By Glenn Kessler
The Washington Post
"When 99 percent of women used birth control in their lifetime and 60 percent use it for something other than family planning, it's outrageous and I think the Supreme Court will suggest that their case is ridiculous."
Rep. Debbie Wasserman Schultz of Florida, Democratic National Committee chair, on MSNBC's "The Ed Show," March 25, 2014
Schultz made these remarks in the context of the Supreme Court case brought by owners of the Hobby Lobby arts-and-crafts chain and Conestoga Wood Specialties cabinetry company, who have objected to paying for all of the birth control procedures required by the Affordable Care Act. They contend that some of the procedures, such as the morning-after "Plan B" pill or IUDs, could cause abortion.
We were curious about these figures, as in 2012 The Fact Checker had previously examined the claim that 98 percent of Catholic women used birth control. It turned out that the figure - from a study by the Guttmacher Institute, which is a nonprofit organization that promotes reproductive health and had started as an arm of Planned Parenthood - was often mischaracterized by politicians and the media.
Many people did not understand that the survey was asking women 15 to 44 who had had sex whether they had ever used one of 12 methods of birth control. In other words, a woman may have sex only once, or she may have had a partner who only used a condom once, and then she would be placed in the 98 percent category. If you actually looked at the data for sexually active Catholics, it turns out that 68 percent of Catholic women used what are termed "highly effective methods" of birth control: 32 percent sterilization; 31 percent pill; 5 percent IUD.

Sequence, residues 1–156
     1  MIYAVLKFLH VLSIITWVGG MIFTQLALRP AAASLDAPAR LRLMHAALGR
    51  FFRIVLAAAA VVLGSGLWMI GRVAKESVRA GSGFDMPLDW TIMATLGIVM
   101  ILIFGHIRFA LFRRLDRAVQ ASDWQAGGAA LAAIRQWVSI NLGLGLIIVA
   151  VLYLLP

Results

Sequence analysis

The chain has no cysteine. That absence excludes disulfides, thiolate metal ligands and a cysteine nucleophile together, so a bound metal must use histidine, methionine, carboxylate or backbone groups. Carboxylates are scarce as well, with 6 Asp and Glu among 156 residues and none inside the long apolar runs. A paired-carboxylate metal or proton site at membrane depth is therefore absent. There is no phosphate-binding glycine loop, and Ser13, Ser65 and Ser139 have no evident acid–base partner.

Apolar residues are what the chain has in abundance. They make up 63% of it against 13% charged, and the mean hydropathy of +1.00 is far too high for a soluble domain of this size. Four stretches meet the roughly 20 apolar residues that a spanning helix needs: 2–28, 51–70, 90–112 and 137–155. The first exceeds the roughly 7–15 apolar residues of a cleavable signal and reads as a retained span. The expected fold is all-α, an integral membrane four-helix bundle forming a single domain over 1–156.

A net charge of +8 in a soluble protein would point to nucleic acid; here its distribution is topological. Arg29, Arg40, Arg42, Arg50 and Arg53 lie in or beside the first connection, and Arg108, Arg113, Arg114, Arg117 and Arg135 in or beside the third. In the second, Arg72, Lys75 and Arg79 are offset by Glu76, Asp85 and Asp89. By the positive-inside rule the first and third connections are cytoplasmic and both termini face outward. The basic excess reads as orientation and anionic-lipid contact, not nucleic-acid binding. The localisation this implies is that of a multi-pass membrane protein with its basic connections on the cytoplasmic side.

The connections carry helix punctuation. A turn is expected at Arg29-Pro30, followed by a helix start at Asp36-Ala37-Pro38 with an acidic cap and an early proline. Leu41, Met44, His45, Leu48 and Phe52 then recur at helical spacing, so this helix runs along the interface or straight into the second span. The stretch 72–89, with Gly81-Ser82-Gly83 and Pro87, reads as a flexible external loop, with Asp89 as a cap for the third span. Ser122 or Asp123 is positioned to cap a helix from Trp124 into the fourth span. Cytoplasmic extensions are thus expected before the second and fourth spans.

So is Wasserman Schultz using the data right?
As one might expect, the 99 percent number comes from the same study as the 98 percent Catholic number. And, for the general population, there is not much difference - 69 percent of sexually active women who are not pregnant, postpartum or trying to get pregnant used "highly effective methods" of birth control. Eleven percent used nothing - and 14 percent had a partner who used a condom. (Five percent were in an "other" category, which mainly consisted of the ineffective "withdrawal" method.)
So Wasserman Schultz, on that data point, fell in the same trap as before. What about the notion that 60 percent of women use birth control for something other than family planning?
That figure also comes from another Guttmacher study, titled "Beyond Birth Control: The Overlooked Benefits Of Oral Contraceptive Pills."
Rebecca Chalif, a DNC deputy press secretary, pointed us to this section: "More than half of pill users, 58 percent, rely on the method at least in part for purposes other than pregnancy prevention. Thirty-one percent use it for cramps or menstrual pain, 28 percent for menstrual regulation, 14 percent for acne, 4 percent for endometriosis, and 11 percent for other unspecified reasons."
But if you dig deeper in the report, you see that only 14 percent use birth control pills just for non-contraceptive reasons. The 58 percent figure includes people who have added other reasons on top of family planning.
Chalif said that Wasserman Schultz did not mean to imply that 60 percent of women used birth control only for non-contraceptive reasons, but it certainly sounded that way when The Fact Checker first noticed her remarks.
In any case, what does this statistic have to do with the Hobby Lobby case? While Wasserman Schultz spoke broadly of "birth control," the study looks only at pill usage. The company owners who brought the lawsuit have nothing against oral contraceptive pills - and if you go back to the first Guttmacher study, you will see that just 31 percent of sexually active women use the pill.
"Yes, that report is about birth control pills," Chalif said. "But I don't see that as a non sequitur."
Wasserman Schultz used numbers from well-documented studies but without the right context. In particular, the claim that 60 percent of women use "birth control" for something other than family planning is overstated, as the more correct figure is 14 percent - and the pill is used by less than one-third of sexually active women.